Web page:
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Indian Journal for the Practising Doctor

Major Disaster Plan: A Model for Accident and Emergency Centre

Author(s): Muzaffar Ahmad, MD, FACP*

Vol. 2, No. 3 (2005-07 - 2005-08)

Disaster is a sudden/unexpected or extra-ordinary misfortune to an individual, family, group, community, or region. It is a condition that has the capability to disrupt the established order of life. Thus, any occurrence that causes damage to property, ecological disruption, loss of human life, or deterioration of health and health services on a scale sufficient to warrant an extra-ordinary response or massive systemic intervention , can be labeled as disaster.

Major Disaster is an accident in which 15 or more injured victims require treatment simultaneously.

Preparedness is the key to disaster management. If the system is fully prepared, it is not caught unawares and therefore does not succumb under the pressure. Preparedness signifies that a rapid reasponse system is already in place, in which every individual and group knows exactly what it has to do and when.

Response to a major disaster begins with 'On the spot' action. The teams of doctors and paramedics rush to the accident spot and perform the following activities:

  • Assess the situation: The teams make a complete assessment of the situation. They assess the nature ands magnitude of the disaster, which in turn determines the course of further action.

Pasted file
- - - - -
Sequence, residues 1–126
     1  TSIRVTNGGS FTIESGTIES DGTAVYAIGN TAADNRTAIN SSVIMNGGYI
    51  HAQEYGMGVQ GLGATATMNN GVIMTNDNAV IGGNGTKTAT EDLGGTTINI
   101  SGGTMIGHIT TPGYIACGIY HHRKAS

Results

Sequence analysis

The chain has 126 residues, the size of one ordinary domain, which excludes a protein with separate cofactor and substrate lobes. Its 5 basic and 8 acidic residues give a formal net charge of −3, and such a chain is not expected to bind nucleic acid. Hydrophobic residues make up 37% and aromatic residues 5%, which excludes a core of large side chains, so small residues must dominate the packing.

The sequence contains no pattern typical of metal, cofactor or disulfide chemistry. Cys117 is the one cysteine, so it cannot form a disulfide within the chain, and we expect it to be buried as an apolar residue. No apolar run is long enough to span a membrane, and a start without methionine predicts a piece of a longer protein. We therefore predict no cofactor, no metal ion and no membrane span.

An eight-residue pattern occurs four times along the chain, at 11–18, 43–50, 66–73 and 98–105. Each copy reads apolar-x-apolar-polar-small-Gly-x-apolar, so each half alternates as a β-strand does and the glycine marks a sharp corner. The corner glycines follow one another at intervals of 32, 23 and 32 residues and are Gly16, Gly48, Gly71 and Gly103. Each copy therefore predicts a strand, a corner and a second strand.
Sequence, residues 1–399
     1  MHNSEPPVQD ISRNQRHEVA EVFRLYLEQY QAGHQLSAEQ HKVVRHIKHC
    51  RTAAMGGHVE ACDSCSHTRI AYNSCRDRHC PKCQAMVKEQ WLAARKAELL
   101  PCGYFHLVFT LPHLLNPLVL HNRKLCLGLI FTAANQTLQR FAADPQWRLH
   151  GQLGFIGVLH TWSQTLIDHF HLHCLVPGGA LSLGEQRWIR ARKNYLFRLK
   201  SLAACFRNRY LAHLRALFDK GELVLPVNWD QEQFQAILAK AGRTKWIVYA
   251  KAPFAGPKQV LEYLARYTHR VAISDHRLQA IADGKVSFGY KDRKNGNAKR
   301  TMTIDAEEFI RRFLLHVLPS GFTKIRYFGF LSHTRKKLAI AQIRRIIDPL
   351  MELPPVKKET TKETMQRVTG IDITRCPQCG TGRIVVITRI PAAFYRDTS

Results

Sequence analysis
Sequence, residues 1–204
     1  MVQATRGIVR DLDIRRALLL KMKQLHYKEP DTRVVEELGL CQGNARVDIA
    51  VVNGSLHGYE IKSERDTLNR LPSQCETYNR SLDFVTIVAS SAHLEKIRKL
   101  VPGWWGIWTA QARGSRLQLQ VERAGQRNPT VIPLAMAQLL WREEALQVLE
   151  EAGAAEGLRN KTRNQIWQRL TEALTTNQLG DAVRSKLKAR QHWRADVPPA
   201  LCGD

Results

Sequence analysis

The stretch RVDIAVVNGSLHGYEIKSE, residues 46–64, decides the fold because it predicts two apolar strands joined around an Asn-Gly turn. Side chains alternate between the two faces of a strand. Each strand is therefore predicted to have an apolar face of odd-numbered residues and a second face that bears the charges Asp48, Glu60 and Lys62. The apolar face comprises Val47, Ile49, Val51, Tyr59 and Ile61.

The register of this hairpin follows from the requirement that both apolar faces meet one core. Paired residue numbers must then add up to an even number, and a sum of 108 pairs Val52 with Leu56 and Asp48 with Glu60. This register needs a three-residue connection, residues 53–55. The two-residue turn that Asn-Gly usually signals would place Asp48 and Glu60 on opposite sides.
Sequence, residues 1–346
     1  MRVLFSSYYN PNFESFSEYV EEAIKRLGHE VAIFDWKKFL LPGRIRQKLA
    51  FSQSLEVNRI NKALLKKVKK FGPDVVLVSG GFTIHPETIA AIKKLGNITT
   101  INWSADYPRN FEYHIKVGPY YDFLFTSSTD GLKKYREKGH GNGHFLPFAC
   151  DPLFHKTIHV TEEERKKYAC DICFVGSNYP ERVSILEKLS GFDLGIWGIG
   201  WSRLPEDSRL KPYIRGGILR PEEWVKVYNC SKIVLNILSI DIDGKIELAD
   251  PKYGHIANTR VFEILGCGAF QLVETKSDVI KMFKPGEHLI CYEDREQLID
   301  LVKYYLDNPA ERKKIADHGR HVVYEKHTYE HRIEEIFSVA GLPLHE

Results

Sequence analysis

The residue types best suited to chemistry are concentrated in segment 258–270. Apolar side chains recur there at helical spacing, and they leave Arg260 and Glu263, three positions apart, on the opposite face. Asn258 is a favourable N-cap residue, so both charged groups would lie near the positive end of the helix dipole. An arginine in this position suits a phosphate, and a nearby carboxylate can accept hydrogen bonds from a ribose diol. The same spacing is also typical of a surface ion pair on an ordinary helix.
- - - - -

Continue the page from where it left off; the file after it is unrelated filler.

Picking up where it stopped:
• Inform various hospitals to keep them in readiness for receiving victims: The nearby hospitals are informed by the quickest mode of the occurrence of the disaster in their catchment areas, so that they switch on the disaster management machinery.
  • Search & rescue: The teams, along with police, civil defence and voluntary workers set out on search and rescue operations to retrieve victims as quickly as possible. .
  • First aid: First aid is instituted forth right to save life and limb.
  • Sorting, labelling, & recording: These activities help in correct and appropriate referral. The more critical need immediate attention.
  • Referral (severely/critically injured): The mildly and moderately affected persons, after getting first aid, can help in the care of seriously affected patients whose life may be threatened.

The hospitals which have already been alerted are ready to receive the critically affected victims.

Response of the alerted hospital

The ready-to-act hospital sounds the alert. There is a yellow, red and green alert.

  • Yellow alert:
    • Duty doctors/ paramedics rush to Emergency & Accident (A & E) (sometimes called the Casualty Department).
  • Red alert:
    • 1. Victims start reaching A & E
    • 2. ALL doctors/paramedics of the hospital reach the A&E centre
  • Green alert:
    • 1. Last victim reached the A & E
    • 2. ALL victims given appropriate treatment
    • 3. Doctors can go back to their normal duties.

Who should be alerted immediately?

  • All administration staff
  • All casualty, accident & emergency staff
  • All general surgeons, ENT specialists, orthopedicians, anesthetists, & oro-dental surgeons.
  • Blood banks
  • Radiographers/radiologists
  • In-charge Ambulances
  • In-charge medical stores
  • Matron/Incharge nursing staff
  • Incharge morgue/mortuary
  • Incharge laboratories